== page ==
Saturday, October 21, 2006

Commentary: A New View Of Dicta in the Third Circuit?

This commentary piece questions whether the Third Circuit has vastly altered the traditional rule of precedential decisions by how it distinguished Zubeda v. Ashcroft, 333 F.3d 463 (3d Cir. 2003) in its decision of Auguste v. Ridge, 395 F.3d 123, 148 (3d Cir. 2005).

The issue of whether part of a Third Circuit decision is precedential or merely dicta is critical to know whether a future decision will be bound by the legal analysis in the earlier case. In Zubeda, the Third Circuit ruled that the BIA did a poor job of analyzing the legal issues and remanded the case to be decided consistent with the legal analysis in the Zubeda decision. Part of its decision was that to obtain relief under the Convention Against Torture, you do not need to prove that the people who will torture you have a specific intention to inflict suffering. Two years later, the Third Circuit ruled in Auguste that the portion of the Zubeda decision on specific intent was mere dicta so it was free to reach the opposite conclusion, that someone must prove that the people who will torture you also have a specific intention to inflict suffering.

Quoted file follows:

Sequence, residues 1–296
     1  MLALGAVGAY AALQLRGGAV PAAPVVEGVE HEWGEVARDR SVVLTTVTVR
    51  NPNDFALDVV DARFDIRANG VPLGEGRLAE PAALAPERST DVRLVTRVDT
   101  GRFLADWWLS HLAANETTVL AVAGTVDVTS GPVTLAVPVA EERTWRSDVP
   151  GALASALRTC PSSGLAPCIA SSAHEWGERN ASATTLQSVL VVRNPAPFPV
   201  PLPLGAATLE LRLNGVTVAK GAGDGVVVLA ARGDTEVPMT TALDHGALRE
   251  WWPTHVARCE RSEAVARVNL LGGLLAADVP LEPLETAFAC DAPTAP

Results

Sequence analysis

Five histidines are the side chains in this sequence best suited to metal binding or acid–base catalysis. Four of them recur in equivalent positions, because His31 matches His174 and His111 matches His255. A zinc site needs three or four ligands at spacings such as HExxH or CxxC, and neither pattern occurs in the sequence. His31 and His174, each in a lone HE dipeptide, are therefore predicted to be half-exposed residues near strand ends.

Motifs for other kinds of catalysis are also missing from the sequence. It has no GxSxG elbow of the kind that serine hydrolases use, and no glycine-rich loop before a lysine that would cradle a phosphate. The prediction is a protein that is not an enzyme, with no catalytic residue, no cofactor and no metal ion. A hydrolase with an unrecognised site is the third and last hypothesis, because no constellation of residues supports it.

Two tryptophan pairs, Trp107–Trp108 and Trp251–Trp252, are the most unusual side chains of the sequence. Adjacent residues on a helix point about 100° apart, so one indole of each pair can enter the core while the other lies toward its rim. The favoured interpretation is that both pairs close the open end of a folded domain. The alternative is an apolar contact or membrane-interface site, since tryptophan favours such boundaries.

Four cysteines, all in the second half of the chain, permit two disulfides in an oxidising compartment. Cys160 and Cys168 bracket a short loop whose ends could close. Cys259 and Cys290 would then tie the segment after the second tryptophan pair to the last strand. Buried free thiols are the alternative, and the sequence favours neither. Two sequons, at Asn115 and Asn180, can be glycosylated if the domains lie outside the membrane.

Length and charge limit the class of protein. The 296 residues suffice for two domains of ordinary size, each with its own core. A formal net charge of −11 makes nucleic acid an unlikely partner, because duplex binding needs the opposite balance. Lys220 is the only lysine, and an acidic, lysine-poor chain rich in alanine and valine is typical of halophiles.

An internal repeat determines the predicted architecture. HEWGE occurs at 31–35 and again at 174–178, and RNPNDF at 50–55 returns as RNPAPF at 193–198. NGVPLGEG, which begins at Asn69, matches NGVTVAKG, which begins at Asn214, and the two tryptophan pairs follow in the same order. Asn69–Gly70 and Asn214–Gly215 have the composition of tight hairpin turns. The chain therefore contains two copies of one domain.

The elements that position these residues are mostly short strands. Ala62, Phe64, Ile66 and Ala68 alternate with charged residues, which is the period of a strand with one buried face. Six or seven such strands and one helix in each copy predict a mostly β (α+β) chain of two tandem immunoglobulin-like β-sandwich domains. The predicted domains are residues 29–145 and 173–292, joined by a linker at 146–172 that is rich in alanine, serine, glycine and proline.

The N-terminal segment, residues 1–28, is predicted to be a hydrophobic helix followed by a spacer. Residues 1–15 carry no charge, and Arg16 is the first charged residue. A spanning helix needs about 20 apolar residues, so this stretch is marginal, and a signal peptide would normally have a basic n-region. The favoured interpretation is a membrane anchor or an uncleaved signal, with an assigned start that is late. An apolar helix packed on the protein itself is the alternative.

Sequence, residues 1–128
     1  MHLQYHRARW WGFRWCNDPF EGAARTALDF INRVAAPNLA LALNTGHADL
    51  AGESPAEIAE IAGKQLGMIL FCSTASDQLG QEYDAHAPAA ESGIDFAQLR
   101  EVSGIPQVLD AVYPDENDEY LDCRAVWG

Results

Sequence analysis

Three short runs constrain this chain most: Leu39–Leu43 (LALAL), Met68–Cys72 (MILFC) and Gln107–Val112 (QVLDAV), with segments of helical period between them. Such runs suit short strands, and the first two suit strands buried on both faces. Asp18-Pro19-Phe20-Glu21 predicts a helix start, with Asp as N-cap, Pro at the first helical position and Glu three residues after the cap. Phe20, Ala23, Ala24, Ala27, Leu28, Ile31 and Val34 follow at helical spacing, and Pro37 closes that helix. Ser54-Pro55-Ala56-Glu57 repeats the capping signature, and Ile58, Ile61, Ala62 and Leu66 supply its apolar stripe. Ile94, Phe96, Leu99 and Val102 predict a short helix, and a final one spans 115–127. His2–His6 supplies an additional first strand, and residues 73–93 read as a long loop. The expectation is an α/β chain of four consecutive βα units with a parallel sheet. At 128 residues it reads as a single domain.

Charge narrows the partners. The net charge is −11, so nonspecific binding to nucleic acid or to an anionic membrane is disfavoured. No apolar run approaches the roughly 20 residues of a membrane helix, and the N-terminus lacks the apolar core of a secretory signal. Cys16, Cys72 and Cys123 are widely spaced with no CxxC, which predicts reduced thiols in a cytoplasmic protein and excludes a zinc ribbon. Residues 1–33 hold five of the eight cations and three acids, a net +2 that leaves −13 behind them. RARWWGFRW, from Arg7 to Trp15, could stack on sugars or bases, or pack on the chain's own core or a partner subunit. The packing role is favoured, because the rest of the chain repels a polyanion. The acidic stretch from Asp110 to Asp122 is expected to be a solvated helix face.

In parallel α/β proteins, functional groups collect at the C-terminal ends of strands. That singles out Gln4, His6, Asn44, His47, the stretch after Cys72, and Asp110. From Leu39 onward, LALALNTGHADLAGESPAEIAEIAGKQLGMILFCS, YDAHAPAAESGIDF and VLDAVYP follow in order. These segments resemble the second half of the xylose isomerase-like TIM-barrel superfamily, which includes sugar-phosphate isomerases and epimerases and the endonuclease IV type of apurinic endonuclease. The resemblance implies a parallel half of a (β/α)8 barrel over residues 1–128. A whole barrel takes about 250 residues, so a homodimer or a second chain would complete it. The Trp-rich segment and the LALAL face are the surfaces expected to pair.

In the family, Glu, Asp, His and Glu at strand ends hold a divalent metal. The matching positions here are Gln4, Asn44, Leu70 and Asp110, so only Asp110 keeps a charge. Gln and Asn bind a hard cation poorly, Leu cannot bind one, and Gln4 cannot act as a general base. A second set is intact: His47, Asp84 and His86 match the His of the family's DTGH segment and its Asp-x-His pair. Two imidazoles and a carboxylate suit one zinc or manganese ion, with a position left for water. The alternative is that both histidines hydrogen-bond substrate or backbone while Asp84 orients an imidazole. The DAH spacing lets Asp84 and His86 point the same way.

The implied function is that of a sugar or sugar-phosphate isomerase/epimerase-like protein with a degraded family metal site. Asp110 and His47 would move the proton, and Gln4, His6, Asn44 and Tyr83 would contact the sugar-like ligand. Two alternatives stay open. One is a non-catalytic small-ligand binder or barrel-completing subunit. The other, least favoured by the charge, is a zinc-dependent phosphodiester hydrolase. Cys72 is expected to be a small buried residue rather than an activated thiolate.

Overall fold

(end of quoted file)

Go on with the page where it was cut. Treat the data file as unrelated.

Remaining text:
How can the Third Circuit say the conclusion in Zubeda was mere dicta? After all, the court ordered the BIA to revisit the case consistent with its legal conclusions.

The Third Circuit struggled to find a way out, and claimed that because the court remanded the case to the BIA, it seems all other legal conclusions were mere dicta. Based on the traditional view of dicta, the court made a radical decision. This commentary asks what the new rule concerning dicta would be if the Third Circuit made a principled decision. (Put aside any cynical thoughts that the Third Circuit broke its rules to reach the decision it wanted.)

Perhaps the new rule is that when the Third Circuit remands a case for further proceedings, virtually everything in the decision is mere dicta. The only part that is controlling is the portion that literally and strictly deals with the precise issue that leads to remanding the case.

Please post your comments so we can hear your view on this extremely confusing issue. Try to set aside your cynicism that the Third Circuit cheated in Auguste and instead try to decipher what principled rule there might be.


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